The Xbox Live Arcade service is arguably Microsoft’s greatest gift to contemporary video games. Originally intended to revive the high score competitive frisson of 1980s arcades, XBLA provided a place for developers to rediscover smaller titles that would never have been commercially viable as full-priced boxed products.

The seminal PlayStation/ Saturn game Castlevania: Symphony of the Night may have inspired Microsoft to up the size limit of XBLA games (Konami’s game was the first to break the original 50MB ceiling), leading to ever more ambitious releases, but the bite-sized spirit of the service has remained largely intact. It’s one perhaps best exemplified by XBLA’s inaugural release, Geometry Wars, whose simple depths defined Microsoft’s contemporary arcade with pitch perfection, inspiring the kind of high score rivalries amongst friends that hadn’t been seen since the Atari’s heyday.

Microsoft’s most recent dashboard update (a bi-annual-ish freshening of the Xbox 360’s menu screen that rearranges its form and tweaks its function) has been widely-criticized. Its haphazard arrangement bespeaks Microsoft’s muddled vision for their console’s twilight months – ballooning the size of advertisements, emphasizing the system’s media hub capacity by putting movies, TV and apps front and centre and, largely, ghettoizing the ‘game’ aspects of the system.

It’s a short-sighted repositioning, as the idea of a plug-in piece of hardware acting as a household’s media hub is already out-dated with the rise of Wi-Fi enabled Smart TVs. The Xbox 360 dashboard redesign will only become more of an anachronism as Smart TVs improve in providing intuitive, quicker gateways to our entertainment.

Visiting the XBLA shop window in the Xbox 30 dashboard today is especially upsetting. Where once it was possible to browse games with ease, filter results by genre and so on, today there isn’t even an XBLA exclusive section. Rather, we must browse downloadable and non-downloadable games, all lumped in together into a muddy, impenetrable mass.

Games On Demand (that is, boxed games that have been made available to download) sit alongside XBLA games, which sit alongside games that cannot be downloaded but have downloadable content available for them. There is no rhyme or reason to the arrangement. No care. You can browse Skulls of the Shogun (17-bit’s XBLA title that isn’t out till later in the year) and even leave your review of the game, articulated in a one to five star rating. It’s a disastrous mess that complicates browsing and there appears to be no tangible benefit to the arrangement.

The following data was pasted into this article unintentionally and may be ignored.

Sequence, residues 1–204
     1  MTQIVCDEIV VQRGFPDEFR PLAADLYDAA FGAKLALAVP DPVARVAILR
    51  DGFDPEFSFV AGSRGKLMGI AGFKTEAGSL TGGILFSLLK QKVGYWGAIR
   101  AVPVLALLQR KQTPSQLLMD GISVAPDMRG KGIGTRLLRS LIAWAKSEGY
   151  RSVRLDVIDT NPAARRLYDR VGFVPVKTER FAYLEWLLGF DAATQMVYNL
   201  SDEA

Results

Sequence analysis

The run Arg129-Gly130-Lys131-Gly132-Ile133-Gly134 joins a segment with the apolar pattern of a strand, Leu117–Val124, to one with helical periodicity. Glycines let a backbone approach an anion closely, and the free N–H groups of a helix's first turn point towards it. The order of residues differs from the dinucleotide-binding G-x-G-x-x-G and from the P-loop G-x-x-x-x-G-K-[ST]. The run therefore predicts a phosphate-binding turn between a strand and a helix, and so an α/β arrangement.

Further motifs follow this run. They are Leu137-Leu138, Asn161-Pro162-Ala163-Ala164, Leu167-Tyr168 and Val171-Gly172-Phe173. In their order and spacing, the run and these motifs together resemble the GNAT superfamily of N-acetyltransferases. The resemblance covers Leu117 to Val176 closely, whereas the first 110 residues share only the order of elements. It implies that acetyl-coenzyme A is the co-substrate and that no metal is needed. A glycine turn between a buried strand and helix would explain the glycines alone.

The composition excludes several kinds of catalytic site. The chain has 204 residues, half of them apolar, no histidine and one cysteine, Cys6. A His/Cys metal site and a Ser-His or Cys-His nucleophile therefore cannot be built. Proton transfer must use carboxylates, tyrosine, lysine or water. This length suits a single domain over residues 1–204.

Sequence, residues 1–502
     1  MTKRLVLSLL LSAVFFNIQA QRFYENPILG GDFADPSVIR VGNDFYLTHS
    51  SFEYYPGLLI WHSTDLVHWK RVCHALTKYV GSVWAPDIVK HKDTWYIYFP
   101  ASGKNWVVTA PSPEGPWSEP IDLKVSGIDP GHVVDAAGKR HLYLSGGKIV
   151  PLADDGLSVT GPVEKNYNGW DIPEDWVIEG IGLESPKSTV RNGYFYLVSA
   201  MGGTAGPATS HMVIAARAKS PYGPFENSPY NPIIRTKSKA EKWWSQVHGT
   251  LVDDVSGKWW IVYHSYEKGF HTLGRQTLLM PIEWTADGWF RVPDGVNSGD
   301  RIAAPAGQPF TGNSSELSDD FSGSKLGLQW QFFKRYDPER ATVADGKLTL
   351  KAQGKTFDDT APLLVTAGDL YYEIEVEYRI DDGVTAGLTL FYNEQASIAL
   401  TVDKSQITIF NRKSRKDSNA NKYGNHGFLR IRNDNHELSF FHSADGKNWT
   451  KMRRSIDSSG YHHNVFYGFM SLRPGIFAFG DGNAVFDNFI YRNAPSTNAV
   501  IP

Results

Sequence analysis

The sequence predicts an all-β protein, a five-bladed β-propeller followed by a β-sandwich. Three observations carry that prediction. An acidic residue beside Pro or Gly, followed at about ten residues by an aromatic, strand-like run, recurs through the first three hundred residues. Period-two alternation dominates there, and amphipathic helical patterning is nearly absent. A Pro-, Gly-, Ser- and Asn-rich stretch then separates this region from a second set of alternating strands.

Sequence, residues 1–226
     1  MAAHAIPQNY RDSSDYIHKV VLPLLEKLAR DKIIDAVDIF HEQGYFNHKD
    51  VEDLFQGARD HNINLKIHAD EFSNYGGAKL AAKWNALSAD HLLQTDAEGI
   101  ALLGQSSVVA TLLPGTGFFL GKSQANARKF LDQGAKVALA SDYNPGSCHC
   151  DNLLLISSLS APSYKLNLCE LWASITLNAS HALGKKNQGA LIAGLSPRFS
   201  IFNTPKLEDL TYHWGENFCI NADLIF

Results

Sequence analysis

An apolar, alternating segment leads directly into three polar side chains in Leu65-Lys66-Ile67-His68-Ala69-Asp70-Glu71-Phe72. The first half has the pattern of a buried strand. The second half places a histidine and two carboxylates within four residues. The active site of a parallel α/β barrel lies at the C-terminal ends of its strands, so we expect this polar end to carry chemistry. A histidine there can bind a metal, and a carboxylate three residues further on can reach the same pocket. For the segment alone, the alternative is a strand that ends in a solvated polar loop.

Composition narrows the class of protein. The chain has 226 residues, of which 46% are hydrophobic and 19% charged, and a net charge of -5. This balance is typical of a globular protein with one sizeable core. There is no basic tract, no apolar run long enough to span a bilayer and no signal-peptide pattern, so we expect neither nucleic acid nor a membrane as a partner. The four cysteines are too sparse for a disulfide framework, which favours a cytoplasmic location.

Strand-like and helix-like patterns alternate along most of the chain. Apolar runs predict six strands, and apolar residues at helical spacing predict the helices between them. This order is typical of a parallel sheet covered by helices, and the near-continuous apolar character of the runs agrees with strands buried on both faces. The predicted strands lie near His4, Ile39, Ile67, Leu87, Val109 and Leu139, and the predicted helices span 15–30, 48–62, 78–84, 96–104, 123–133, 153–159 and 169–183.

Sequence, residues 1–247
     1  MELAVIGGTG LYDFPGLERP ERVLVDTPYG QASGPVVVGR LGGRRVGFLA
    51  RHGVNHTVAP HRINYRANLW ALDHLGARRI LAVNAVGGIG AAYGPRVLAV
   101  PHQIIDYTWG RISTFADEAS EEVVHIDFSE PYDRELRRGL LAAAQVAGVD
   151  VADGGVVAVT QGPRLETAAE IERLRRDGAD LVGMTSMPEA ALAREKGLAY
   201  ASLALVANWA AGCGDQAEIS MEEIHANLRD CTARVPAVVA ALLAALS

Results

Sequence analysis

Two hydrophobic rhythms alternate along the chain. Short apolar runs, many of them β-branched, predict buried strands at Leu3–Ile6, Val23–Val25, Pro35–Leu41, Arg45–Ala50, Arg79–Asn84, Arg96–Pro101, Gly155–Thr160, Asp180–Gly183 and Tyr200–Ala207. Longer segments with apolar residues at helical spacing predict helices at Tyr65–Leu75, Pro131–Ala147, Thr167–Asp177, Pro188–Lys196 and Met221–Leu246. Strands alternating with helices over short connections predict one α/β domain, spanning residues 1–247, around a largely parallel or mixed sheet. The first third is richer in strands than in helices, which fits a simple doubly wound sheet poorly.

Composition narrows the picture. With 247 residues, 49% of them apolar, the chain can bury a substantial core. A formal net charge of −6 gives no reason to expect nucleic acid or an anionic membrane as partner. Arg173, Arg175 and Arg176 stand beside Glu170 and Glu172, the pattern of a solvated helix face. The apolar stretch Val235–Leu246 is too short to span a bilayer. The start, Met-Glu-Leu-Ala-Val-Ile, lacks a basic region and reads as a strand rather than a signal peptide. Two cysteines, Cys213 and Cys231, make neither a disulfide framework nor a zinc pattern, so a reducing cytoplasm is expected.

Shop windows are important.

It’s here that shopkeepers have the opportunity to draw attention to their brightest and best products, to draw links between complementary items, to educate, inform, even inspire – as well as to merely sell. If XBLA is Microsoft’s greatest gift to contemporary video games, it’s a gift that few will have the tenacity to unwrap in its current state. That’s heartbreaking.

But as Microsoft focuses its full attention on the Xbox 360’s successor, there is a chance refit the XBLA shop, to draw attention to the jewels therein based on some merit other than them simply being on sale that week.

XBLA offers one of the richest and most diverse game services today. Believe it in. Celebrate it. Create an XBLA-specific shop window that arranges Treasure’s oeuvre in one corner (Gunstar Heroes, Guardian Heroes, Ikaruga and Radiant Silvergun are all available on XBLA), that promotes its blockbusters (Braid, Limbo, Trials HD) that collects games from one designer (Mizuguchi’s Rez, Space Channel 5) and tells people why these collections are important, interesting, worth their 800 MSP.

Deep within Microsoft’s walls exist external producers who care deeply about the games that appear on the service, who understand the importance of the platform and the wonder of many of the game’s it’s produced, that work tirelessly with studios to make the best possible games they can for XBLA. But someone forgot to hire a shopkeeper.